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WEATHER:  another beautiful day, sunshine with more sunshine, no wind. Top temp 23C

I couldn’t waste a superb day doing DIY so I made arrangements to go birding. I met up with John Hale, a good birding friend from Casares. John loves wader watching so we intended to visit Palmones Salt Marsh and estuary. We met at 8am and I drove John’s car down to the coast (he has a bad back), it was 8:25am when we arrived at Palmones. It was a perfect morning, the air was absolutely still, a clear blue sky and a turning tide.

Looking inland from the start of the 'promenade' at Palmones

Looking down river to Algeciras Bay with Gibraltar in the background

We started about a kilometer from the river mouth and walked the entire length of the ‘promenade’ which runs all along the east bank of the Rio Palmones to the beach at Algeciras Bay. John sat on a seires of benches whilst I scoped the river and the marsh. Very quickly we found Common Redshank, Common Greenshank, Common Sandpiper, Whimbrel, Grey Heron and Little Egret.


Further afield we located an Osprey in a tree, 13 Eurasian Spoonbills, several Great Cormorants, Grey Herons, Common Stonechat, Zitting Cisticola and to my great delight a BLUETHROAT. The Bluethroat showed a few times but I failed to get John to see it as it dropped out of sight every time he got his eye to the ‘scope.

Common Redshank

Further downriver we added a few more waders:  Eurasian Oystercatcher, Grey Plover (10), Kentish Plover and Greater Ringed Plover. The usual gulls were on the sand bank, Yellow-legged, Lesser Black-backed, Black-headed, Mediterranean Gull and at least 4 Sandwich Terns. Other birds of note were White Stork, Black Redstart, White Wagtail, Marsh Harrier, Common Kingfisher, Crag Martin and Barn Swallow.

Common Sandpiper

After a nice cup of coffee con tostado we set off for La Janda, a Sociable Plover (Lapwing), had been seen over the last couple of weeks and we hoped to see it today. It took 45 minutes to drive there, we noted Common Buzzard, Common Kestrel and Cattle Egret along the way, John called out a couple of Ravens near Facinas.

Once on the central track at La Janda we met a number of other birders looking for the Lapwing, our first species on the list were Common Crane, Corn Bunting, Eurasian Skylark, Northern Lapwing and dozens of both Griffon Vultures (overhead) and White Storks in the fields.

Then a large flock of Northern Lapwings took to the air and the SOCIABLE PLOVER was with them, you could easily pick it out, the upper wing had black tips, white primaries and brown secondaries, the body was also brown. The bird landed with the flock about two fields further along the track, so that is where we went to next.

Along the central track we noted Night Heron, Spanish Sparrow, Goldfinch, Linnet, Green Sandpiper and lots of Zitting Cisticolas and Common Stonechats. From our new position we located the Sociable Plover on the ground, but it was very distant, and we looked at it through heat-haze.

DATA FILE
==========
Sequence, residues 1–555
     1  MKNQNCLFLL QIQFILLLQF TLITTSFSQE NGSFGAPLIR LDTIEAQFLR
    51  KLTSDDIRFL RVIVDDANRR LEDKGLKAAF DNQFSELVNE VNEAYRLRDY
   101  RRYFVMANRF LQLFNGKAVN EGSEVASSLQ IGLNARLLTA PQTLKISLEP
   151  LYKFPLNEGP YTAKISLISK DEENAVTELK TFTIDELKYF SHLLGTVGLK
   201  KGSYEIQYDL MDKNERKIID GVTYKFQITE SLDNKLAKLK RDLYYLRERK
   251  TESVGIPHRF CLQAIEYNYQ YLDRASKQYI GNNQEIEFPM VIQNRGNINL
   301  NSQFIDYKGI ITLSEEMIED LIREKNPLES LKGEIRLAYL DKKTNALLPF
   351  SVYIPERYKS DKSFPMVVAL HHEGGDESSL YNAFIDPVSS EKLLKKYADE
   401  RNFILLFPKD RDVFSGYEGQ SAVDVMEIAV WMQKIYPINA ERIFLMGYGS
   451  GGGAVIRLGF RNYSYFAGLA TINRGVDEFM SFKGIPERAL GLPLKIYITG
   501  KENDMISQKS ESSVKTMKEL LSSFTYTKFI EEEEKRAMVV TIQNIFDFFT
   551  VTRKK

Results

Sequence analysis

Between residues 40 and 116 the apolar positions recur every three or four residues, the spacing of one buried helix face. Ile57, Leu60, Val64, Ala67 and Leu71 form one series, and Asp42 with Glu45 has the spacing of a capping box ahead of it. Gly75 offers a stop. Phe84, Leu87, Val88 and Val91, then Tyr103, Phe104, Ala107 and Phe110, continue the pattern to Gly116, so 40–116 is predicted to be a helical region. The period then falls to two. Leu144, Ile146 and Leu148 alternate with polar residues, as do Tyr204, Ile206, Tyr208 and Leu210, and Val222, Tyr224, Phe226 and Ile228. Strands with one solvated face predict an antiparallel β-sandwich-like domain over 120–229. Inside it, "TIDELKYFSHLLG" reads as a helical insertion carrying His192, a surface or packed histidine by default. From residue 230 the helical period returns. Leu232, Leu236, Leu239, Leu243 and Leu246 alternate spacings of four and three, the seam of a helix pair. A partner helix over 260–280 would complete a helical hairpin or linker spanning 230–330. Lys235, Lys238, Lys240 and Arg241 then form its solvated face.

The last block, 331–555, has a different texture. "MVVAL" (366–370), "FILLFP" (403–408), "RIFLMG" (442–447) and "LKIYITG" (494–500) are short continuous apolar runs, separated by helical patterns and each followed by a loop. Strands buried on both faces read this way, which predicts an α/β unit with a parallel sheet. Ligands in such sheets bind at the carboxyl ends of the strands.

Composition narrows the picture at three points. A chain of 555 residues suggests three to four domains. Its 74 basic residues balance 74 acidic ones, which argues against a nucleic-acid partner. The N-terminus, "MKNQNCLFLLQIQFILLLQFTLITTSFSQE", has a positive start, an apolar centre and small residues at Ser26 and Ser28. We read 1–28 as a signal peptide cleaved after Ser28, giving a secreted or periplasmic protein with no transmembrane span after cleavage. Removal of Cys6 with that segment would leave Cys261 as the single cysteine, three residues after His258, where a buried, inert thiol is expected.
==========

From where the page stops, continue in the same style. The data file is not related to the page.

The stubble-field where the Plover was resting was a "Birder's Field of Dreams” because it held a huge number of birds: Northern Lapwing (100+), Sociable Lapwing (1), Greater Ringed Plover (100+), Green Sandpiper (6), Common Sandpiper (3), Common Greenshank (1), Common Snipe (20+), Golden Plover (50+), Eurasian Skylark (30+) and Marsh Harrier (5).  A ditch ran long the edge of the field with a dirt track next to it. On this track we saw Common Chaffinch, Crested Lark, Black Redstart, Common Stonechat and we just missed another Bluethroat according to a guy standing next to us.

looking from the Central Track across the main 'drain' to the "Field of Dreams"

A farmer flushed the Lapwing flock, all of them went up, we had distant flight-views of the Sociable Lapwing before it flew off into the distance with the rest of the flock. We remained for another 15 minutes or so, but they never returned, during that time we saw Black-winged Kite, a couple of Lesser Kestrels and more Eurasian Spoonbills. Hundreds of White Storks took to the air and joined dozens of Griffon Vultures. A Booted Eagle was nice to see, also good numbers of Western Jackdaws were ever present. The power lines held very large, mixed flocks of both Spotless and Common Starlings and huge flocks of Spanish Sparrows fed in the uncropped rice fields.

several hundred Glossy Ibis were feeding near the newly ploughed rice fields

We negotiated the track very carefully as it had many water-filled potholes, we came out unscathed to the area where the rice fields were being harvested and ploughed, they were covered in all manner of birds. The number of White Storks must have been in the thousands, likewise Yellow-legged Gulls. We found another 43 Eurasian Spoonbills and several hundred Glossy Ibis, all these birds joined Cattle and Little Egrets in the hunt for Crayfish. The Crayfish were churned up by the plough, they had been introduced into the rice fields as a source of food, I have never seen them farmed, nevertheless, the birds love them!! Our new birds of our visit were Reed Buntings, we saw two of them just before we left.

We left La Janda at 4pm and drove back to Tarfia where we stopped for fuel and then for an ice-cream, yes it was still warm enough to eat an ice-cream. A white Magnum went down a treat whilst we look over to Africa from the Mirador de Estrecho, we noted our second Booted Eagle at this point.

the view across to Morocco from the Mirador de Estrecho  where John and I ate our Magnums!!!

Our only other stop was at Torreguadiaro where John had seen a ‘ringed’ Osprey recently, we couldn’t find the bird but we added Northern Gannet to our day list. I left John around 5pm, it had been a wonderful day’s birding in the best possible weather.